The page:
By Chris Lotsbom
(c) 2013 Race Results Weekly, all rights reserved
NEW YORK (15-Mar) — Olympic marathon bronze medalist Wilson Kipsang celebrated his 31st birthday in style earlier today, blowing out candles on top of cupcakes at a press roundtable here this morning hosted by the New York Road Runners. Instead of partying or spending time on the town, Kipsang spent the early part of his special day working.
When asked what he had done today, the personable Kipsang responded with an emphatic “training.” After all, his trip to the Big Apple is all about business, and that means trying to win the NYC Half here on Sunday.
“I am very much excited for the race,” said the Kenyan who resides in Iten. “I think it is going to be a nice race and a tough one. With these weather conditions I think you can run very well.”
Kipsang hopes to break 60-minutes in what will be his first race since winning the Honolulu Marathon last December. If he does, Kipsang will become only the fifth athlete in race history to finish in under one hour.
“I am happy I can come back her again,” he said. Last fall, Kipsang was set to make his New York City Marathon debut before Superstorm Sandy forced the race to be cancelled (Kipsang then went to Honolulu and won there instead).
Now, four months later, Kipsang returns in preparation for next month’s Virgin London Marathon, where he aims to successfully defend his title. Considering London as his home away from home, Kipsang is anxious to return to the same place where he won bronze in the Olympic marathon.
“Before every marathon I try to go for a half-marathon to see how the fitness is responding, to see how fast I am, to see how the endurance part is, and to also give the body a push, to get used to the competing atmosphere,” he said. The NYC Half will be that test, where Kipsang will take on twelve men who have run under 62:00.
Though he holds the fastest personal best in the field by over a minute (58:59), Kipsang does not think the race will be an easy walk in the park.
“I say [the field] is strong because you have a lot of guys who have experience road racing. And you have new guys who are debuting, which are very dangerous sometimes,” he said. Kipsang specifically mentioned American debutante Bernard Lagat as one to watch, knowing his speed could come into play on Sunday. “Sometimes the upcoming guys, sometimes those who are doing debuts can surprise. We have to be very sharp and keep a close watch on them.”
Midway through Friday’s interview, Kipsang turned his attention towards the recent issue of the use of performance enhancing drugs by Kenyan athletes. Earlier this week, the Associated Press reported that the “IAAF were planning to send a satellite doping laboratory to Kenya.”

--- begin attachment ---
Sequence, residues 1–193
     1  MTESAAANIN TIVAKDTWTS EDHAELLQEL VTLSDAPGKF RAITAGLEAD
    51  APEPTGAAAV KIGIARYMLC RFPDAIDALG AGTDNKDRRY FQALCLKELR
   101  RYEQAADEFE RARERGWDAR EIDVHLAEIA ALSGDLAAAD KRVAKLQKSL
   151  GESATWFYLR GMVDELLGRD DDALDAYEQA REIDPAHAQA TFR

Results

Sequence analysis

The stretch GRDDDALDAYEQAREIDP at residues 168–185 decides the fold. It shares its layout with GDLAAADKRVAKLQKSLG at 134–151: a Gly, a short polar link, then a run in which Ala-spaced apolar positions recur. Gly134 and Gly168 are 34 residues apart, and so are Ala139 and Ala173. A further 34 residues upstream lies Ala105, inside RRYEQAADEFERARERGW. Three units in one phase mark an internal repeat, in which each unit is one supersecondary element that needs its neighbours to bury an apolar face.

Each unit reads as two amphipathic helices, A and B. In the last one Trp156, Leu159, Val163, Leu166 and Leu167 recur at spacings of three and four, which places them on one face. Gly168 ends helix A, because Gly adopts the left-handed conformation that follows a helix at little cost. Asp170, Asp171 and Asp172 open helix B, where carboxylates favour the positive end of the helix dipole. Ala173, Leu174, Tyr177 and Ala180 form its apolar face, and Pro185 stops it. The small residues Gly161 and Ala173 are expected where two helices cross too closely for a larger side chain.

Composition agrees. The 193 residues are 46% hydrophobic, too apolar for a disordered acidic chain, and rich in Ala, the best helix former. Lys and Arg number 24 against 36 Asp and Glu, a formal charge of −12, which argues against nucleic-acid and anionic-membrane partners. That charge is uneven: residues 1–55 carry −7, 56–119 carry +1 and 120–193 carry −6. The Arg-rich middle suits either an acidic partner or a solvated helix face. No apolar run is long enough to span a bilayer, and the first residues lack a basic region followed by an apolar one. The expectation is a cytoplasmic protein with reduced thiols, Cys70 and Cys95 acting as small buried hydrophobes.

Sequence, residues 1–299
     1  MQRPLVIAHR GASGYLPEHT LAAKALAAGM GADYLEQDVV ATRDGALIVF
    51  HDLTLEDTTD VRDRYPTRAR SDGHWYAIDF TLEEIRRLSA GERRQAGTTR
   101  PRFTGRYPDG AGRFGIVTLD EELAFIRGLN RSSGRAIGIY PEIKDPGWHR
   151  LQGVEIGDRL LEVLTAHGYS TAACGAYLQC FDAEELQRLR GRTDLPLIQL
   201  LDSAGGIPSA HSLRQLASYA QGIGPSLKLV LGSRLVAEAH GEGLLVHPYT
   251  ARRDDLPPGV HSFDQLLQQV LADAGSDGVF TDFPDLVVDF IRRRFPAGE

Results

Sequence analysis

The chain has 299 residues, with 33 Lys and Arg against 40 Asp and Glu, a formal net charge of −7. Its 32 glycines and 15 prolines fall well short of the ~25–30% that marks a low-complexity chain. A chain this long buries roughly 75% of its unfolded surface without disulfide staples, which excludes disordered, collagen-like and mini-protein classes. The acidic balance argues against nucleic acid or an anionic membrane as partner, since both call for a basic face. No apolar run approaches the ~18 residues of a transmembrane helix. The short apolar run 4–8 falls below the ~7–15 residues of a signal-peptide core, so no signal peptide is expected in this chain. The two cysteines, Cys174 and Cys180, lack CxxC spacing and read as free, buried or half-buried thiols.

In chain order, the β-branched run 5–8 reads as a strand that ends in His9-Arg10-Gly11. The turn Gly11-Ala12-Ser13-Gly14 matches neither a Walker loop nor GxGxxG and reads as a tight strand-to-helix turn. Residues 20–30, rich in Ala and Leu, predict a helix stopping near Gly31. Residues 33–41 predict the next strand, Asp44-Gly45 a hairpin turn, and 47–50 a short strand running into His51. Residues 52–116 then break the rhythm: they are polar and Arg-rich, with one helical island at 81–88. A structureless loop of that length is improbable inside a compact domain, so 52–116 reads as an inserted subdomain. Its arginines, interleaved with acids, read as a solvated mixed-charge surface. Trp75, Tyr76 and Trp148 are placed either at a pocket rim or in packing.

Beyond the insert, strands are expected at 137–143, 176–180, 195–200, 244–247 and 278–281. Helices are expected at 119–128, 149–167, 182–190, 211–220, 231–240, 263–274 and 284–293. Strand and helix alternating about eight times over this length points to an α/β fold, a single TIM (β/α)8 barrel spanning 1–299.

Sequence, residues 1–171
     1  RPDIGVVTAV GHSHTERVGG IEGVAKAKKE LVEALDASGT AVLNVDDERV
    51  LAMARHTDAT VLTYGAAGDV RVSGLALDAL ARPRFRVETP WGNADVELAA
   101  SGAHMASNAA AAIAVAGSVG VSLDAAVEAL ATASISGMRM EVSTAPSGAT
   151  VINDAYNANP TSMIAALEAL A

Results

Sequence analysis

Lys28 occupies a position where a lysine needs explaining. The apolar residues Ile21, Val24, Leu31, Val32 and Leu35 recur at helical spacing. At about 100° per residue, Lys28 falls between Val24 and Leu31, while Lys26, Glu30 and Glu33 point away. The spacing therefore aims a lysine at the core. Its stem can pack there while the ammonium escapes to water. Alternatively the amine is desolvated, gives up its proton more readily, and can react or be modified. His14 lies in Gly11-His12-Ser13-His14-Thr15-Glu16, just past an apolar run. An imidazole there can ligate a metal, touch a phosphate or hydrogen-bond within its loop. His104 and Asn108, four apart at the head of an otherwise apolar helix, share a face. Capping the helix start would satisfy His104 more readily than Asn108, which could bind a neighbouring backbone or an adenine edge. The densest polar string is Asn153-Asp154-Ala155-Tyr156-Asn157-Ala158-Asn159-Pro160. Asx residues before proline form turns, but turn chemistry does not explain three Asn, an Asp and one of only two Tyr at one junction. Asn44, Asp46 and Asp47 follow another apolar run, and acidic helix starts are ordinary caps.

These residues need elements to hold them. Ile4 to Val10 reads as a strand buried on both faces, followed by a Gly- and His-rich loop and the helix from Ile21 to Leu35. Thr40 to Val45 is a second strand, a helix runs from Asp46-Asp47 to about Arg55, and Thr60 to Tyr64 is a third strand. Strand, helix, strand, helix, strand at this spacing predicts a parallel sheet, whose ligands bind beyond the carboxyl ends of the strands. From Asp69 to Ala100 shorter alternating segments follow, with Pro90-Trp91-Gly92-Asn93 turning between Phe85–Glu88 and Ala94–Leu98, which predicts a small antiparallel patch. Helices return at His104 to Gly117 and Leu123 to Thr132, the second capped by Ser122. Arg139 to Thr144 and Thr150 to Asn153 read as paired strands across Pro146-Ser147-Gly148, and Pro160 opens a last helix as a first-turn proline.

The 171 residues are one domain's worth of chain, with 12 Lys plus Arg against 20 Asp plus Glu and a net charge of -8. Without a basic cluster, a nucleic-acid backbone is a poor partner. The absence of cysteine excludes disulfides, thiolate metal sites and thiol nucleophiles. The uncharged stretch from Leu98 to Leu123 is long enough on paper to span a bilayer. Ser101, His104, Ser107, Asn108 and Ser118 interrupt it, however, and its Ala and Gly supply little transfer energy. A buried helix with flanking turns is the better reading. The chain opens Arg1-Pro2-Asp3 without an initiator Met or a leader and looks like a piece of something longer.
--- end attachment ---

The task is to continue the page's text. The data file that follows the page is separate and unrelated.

“The issue of using the drugs is wholly on an individual basis,” he said. “For me, I don’t generalize it as [all Kenyan] athletes because it is an individual affair.”
When asked if he suspected any athletes to be using performance enhancing drugs, Kipsang said he doesn’t think so. Those who do use them, he believes, are victims of medical tricks.
“There are so many guys who are really training hard,” he said. “To see the type of training that they are doing, it really contributes much to their performance in various races. But I think the few who have been caught are mainly some guys [referring to medical personnel] who try to trick the guys [athletes] to cheat with those drugs. Somebody tries to tell them that this is the medicine to use so you will become well from your injury, and in the treatment are some substances which is prohibited. Then they find themselves in a problem without realizing it; they take advantage of some guys. It is not good.”
Returning to the topic of Sunday’s race, Kipsang was confident with his strategy and fitness.
“The first 10-K I saw is more hills,” he said, raising his hands in the motion of an athlete picking the pace up. “In the second part, many athletes are still strong. So if the second part is more flat, then many athletes will be feeling quicker.”
For now, Kipsang is content waiting until after the race to celebrate his birthday, hopefully with a victory and $20,000 first-place prize.
“For an athlete, when you have been invited to a race, most of the time during your stay you are really thinking and focus much on the race,” he said. “After the race now, maybe if I still have one day before travel, maybe I can go out and look around, get an opportunity to see the town.”
(Photo by Chris Lotsbom for Race Results Weekly)
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